It is a truism of American social policy that our nation has great success generating innovative programs that improve outcomes for participants—but that we are far less effective at moving from small, “boutique” programs into broadly applied solutions that improve the prospects of large numbers of individuals. This is certainly true in the education and workforce fields.
We at JFF are not the first to tackle the question of scale. We felt the need, though, to undertake our own inquiry to inform our thinking about scale and to specify a framework that could be useful to both policymakers and practitioners. We mined the extensive research literature on scale and sustainability, and looked in depth at efforts in Arkansas, Oregon, Virginia, and Washington State, and interviewed key policy and practice entrepreneurs, college and system leaders, and experienced evaluators of community college initiatives, in Florida, Illinois, Kentucky, Louisiana, Michigan, New York, and Texas.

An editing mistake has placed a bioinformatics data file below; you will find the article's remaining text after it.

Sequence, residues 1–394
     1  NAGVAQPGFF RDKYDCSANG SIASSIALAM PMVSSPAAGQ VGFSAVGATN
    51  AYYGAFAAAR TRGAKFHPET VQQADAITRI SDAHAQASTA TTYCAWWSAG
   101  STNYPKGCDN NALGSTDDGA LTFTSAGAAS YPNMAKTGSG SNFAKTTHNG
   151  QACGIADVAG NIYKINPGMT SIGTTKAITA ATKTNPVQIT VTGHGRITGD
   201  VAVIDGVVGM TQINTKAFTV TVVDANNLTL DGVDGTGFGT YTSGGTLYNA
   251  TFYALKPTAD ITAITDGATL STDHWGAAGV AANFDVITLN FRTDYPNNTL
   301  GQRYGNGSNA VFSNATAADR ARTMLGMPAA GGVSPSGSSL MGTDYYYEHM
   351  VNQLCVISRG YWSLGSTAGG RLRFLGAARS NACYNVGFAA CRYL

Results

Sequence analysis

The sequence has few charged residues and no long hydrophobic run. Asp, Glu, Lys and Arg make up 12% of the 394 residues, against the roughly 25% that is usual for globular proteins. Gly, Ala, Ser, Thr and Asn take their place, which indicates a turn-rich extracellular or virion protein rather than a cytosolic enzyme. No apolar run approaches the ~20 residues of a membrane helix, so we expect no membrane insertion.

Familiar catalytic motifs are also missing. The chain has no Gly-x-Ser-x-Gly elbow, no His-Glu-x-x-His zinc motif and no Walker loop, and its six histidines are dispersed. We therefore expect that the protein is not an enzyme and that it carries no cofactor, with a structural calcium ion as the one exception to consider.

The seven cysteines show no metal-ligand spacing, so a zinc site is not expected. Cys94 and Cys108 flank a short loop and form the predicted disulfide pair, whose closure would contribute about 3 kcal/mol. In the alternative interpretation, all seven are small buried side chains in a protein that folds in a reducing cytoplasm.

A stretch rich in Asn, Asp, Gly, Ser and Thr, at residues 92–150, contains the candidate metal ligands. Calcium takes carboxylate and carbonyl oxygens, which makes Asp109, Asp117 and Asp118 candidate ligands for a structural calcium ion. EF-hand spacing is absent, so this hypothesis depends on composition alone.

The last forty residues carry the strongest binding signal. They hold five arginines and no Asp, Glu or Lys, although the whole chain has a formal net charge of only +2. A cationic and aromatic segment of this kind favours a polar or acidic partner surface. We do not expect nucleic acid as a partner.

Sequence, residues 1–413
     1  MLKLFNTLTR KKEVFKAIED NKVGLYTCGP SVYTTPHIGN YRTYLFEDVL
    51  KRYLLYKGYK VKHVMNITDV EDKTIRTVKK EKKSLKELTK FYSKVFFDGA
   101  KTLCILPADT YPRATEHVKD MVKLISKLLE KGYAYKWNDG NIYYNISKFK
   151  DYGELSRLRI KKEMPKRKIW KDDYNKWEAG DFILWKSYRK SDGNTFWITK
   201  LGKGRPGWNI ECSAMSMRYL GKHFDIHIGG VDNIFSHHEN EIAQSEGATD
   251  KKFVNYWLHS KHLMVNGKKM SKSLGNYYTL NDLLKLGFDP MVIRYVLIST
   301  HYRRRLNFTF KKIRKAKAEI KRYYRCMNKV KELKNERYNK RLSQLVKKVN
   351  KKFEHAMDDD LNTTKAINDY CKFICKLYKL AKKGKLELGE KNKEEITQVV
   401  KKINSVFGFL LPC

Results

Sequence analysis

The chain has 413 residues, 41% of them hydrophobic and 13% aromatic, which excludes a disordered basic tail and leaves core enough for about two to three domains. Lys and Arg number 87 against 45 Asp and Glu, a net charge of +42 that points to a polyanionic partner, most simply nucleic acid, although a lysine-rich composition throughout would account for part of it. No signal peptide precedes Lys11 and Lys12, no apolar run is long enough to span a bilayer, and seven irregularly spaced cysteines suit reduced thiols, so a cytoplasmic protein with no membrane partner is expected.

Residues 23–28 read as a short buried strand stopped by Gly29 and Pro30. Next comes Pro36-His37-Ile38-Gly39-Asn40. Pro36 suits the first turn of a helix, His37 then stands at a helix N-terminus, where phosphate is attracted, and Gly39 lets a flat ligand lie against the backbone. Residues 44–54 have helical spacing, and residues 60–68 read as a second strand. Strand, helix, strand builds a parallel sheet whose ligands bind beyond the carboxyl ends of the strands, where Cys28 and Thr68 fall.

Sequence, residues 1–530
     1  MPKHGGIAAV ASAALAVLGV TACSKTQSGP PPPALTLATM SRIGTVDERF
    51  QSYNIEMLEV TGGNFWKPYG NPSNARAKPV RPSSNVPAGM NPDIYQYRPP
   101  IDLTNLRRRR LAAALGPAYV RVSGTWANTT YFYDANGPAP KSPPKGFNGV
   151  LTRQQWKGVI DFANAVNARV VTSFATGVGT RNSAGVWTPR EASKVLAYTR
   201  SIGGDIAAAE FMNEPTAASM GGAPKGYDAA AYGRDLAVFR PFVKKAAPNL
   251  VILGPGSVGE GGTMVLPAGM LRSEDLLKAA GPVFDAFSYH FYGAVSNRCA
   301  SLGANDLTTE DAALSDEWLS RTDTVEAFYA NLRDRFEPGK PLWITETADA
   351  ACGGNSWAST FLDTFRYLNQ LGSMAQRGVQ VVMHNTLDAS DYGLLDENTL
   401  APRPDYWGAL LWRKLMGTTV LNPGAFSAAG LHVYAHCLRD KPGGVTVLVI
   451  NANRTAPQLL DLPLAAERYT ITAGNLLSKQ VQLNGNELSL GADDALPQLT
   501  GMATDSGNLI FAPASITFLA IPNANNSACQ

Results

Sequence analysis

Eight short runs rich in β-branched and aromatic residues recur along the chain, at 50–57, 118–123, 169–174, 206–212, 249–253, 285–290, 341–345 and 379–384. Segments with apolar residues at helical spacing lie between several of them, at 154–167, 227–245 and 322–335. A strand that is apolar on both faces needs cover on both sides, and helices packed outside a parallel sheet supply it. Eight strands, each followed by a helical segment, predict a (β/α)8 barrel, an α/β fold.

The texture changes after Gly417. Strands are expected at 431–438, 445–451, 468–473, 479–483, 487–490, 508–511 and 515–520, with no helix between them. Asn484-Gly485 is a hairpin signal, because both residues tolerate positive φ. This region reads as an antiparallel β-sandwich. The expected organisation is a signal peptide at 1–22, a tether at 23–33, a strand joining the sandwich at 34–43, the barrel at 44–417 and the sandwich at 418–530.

Thinking Big suggests a comprehensive process of four phases—planning, initiating, expanding, and sustaining—while highlighting common issues that arise in scaling up and how to address them.
Related Blog: Thinking Big about Student Success